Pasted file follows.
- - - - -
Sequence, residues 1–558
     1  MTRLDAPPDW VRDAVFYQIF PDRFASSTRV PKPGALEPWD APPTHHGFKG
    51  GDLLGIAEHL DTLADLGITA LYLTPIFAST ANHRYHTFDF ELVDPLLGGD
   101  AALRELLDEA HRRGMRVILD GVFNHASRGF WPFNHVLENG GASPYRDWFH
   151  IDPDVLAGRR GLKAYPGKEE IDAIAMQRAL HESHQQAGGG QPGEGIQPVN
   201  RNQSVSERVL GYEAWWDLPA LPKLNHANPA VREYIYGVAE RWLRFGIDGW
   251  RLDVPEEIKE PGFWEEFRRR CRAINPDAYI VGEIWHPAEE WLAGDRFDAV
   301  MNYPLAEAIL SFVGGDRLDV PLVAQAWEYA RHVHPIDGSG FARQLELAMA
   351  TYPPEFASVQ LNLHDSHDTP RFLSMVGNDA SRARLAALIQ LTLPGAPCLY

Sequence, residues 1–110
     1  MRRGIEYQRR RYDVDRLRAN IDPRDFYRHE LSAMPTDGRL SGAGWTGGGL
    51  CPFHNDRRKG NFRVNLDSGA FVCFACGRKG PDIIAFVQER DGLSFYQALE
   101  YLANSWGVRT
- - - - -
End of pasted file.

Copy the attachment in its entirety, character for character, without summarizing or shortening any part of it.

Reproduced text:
Sequence, residues 1–558
     1  MTRLDAPPDW VRDAVFYQIF PDRFASSTRV PKPGALEPWD APPTHHGFKG
    51  GDLLGIAEHL DTLADLGITA LYLTPIFAST ANHRYHTFDF ELVDPLLGGD
   101  AALRELLDEA HRRGMRVILD GVFNHASRGF WPFNHVLENG GASPYRDWFH
   151  IDPDVLAGRR GLKAYPGKEE IDAIAMQRAL HESHQQAGGG QPGEGIQPVN
   201  RNQSVSERVL GYEAWWDLPA LPKLNHANPA VREYIYGVAE RWLRFGIDGW
   251  RLDVPEEIKE PGFWEEFRRR CRAINPDAYI VGEIWHPAEE WLAGDRFDAV
   301  MNYPLAEAIL SFVGGDRLDV PLVAQAWEYA RHVHPIDGSG FARQLELAMA
   351  TYPPEFASVQ LNLHDSHDTP RFLSMVGNDA SRARLAALIQ LTLPGAPCLY

Sequence, residues 1–110
     1  MRRGIEYQRR RYDVDRLRAN IDPRDFYRHE LSAMPTDGRL SGAGWTGGGL
    51  CPFHNDRRKG NFRVNLDSGA FVCFACGRKG PDIIAFVQER DGLSFYQALE
   101  YLANSWGVRT